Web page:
The pandemic has contributed to the strengthening of world borders as countries fight covid-19. As a result, the flow of refugees dreaming of a safer life is increasing.
By 2020, more migrants than ever have made it to it Spanish island world. The UN Organization for Migration, IOM, has developed statistics which shows that close to 80 refugees have crossed the Mediterranean by boat to Europe so far this year.
Closed land borders in North Africa have made the situation more difficult thousands of migrant workers who have lost their jobs in mines and ports. Many are forced to turn to human traffickers to flee to Europe.
The EU is preventing rescue efforts
At present is only a voluntary organization allowed to carry out rescue operations in the central Mediterranean. The rescue initiative Open Arms announces that fatal tragedies are just happening kilometers from Europe coast, and that events are ignored by authorities.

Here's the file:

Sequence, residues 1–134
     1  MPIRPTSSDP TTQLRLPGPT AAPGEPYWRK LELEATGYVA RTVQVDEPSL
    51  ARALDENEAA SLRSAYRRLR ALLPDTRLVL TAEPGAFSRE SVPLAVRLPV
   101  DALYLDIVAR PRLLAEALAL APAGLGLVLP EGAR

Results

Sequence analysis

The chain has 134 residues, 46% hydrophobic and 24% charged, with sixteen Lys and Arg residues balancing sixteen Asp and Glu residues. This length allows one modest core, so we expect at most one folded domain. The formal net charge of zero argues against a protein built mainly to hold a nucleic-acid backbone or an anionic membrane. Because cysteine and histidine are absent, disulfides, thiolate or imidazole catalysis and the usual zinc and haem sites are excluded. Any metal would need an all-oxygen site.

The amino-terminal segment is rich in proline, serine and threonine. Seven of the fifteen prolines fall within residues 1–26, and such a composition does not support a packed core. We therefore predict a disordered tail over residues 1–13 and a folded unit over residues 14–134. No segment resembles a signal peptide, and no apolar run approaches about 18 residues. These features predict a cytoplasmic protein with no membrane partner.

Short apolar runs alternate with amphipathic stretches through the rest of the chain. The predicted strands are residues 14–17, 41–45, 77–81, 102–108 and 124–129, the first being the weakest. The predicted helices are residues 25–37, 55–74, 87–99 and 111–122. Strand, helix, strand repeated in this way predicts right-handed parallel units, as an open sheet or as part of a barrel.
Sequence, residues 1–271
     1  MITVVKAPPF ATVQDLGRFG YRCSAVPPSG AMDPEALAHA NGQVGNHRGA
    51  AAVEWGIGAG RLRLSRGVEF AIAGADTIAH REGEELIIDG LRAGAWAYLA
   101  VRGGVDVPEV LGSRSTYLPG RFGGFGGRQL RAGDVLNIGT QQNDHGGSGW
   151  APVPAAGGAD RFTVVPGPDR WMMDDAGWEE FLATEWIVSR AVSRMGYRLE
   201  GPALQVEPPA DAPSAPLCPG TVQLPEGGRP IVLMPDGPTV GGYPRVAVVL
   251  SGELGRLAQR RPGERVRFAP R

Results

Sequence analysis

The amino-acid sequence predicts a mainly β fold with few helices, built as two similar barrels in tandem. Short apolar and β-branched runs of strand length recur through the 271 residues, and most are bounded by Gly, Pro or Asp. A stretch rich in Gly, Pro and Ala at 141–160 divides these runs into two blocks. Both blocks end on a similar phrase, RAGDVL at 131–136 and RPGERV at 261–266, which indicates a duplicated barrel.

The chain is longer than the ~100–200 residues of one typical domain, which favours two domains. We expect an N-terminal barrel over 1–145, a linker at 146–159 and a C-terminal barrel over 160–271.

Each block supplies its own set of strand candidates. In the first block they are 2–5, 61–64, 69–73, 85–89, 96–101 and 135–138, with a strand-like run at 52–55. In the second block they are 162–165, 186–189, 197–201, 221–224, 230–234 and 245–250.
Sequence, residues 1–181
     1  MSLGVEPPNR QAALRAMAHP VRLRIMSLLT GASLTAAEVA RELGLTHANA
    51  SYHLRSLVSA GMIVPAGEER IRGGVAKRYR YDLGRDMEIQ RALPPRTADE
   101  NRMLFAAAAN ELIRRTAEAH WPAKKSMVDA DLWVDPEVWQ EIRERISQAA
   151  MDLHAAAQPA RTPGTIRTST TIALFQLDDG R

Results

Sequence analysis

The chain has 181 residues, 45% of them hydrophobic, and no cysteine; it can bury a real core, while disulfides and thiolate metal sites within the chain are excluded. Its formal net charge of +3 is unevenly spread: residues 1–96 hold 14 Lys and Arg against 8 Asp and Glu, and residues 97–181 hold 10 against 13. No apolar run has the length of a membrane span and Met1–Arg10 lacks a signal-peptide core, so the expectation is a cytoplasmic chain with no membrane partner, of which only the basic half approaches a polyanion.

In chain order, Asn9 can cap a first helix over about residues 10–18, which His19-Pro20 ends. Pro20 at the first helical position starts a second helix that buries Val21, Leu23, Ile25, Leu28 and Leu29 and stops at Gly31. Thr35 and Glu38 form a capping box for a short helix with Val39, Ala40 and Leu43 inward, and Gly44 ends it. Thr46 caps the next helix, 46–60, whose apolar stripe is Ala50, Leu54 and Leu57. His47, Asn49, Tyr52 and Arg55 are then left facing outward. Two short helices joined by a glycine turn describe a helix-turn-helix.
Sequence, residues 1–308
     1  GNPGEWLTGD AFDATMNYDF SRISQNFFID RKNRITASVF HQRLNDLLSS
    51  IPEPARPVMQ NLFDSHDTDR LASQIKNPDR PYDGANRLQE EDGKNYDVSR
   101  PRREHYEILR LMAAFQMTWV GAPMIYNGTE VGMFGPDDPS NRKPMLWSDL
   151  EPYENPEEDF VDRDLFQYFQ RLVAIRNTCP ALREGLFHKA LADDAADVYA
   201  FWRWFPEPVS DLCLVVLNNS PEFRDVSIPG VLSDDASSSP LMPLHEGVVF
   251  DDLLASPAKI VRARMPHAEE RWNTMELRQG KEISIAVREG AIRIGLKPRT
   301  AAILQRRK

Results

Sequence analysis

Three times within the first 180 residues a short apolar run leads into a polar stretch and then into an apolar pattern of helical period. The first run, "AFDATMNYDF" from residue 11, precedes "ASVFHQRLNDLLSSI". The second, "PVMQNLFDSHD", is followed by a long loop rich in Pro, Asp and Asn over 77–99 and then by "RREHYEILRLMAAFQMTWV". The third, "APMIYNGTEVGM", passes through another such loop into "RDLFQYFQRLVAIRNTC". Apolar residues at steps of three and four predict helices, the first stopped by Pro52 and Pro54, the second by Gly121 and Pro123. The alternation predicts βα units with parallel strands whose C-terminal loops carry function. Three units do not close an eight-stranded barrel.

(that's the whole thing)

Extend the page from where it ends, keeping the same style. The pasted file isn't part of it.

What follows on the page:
I Malta the boats are denied disembarkation, due to the risk of infection. At the same time pay EU the Libyan coast guard to prevent human trafficking. Over 7 migrants has this year been stopped by the Libyan coast guard, and brought back to Libya where information about nightmare-like conditions have been reported from refugee camps.
The spread of the pandemic shows how our world is interconnected, and how we depend on each other for trade, labor and research. By opposing migrants and asylum seekers in the way that the EU does, not only is there a violation of human rights - it is also a slip-up in the face of a gentle and humane recovery from the pandemic.
The fight against the pandemic seems to give Europe an opportunity to turn a blind eye to the refugee crisis that is going on behind its closed national borders. Instead of preventing people from fleeing, EU countries should meet these people with understanding and respect. A shared responsibility to receive migrants during and after the pandemic is needed for a fairer world in the future.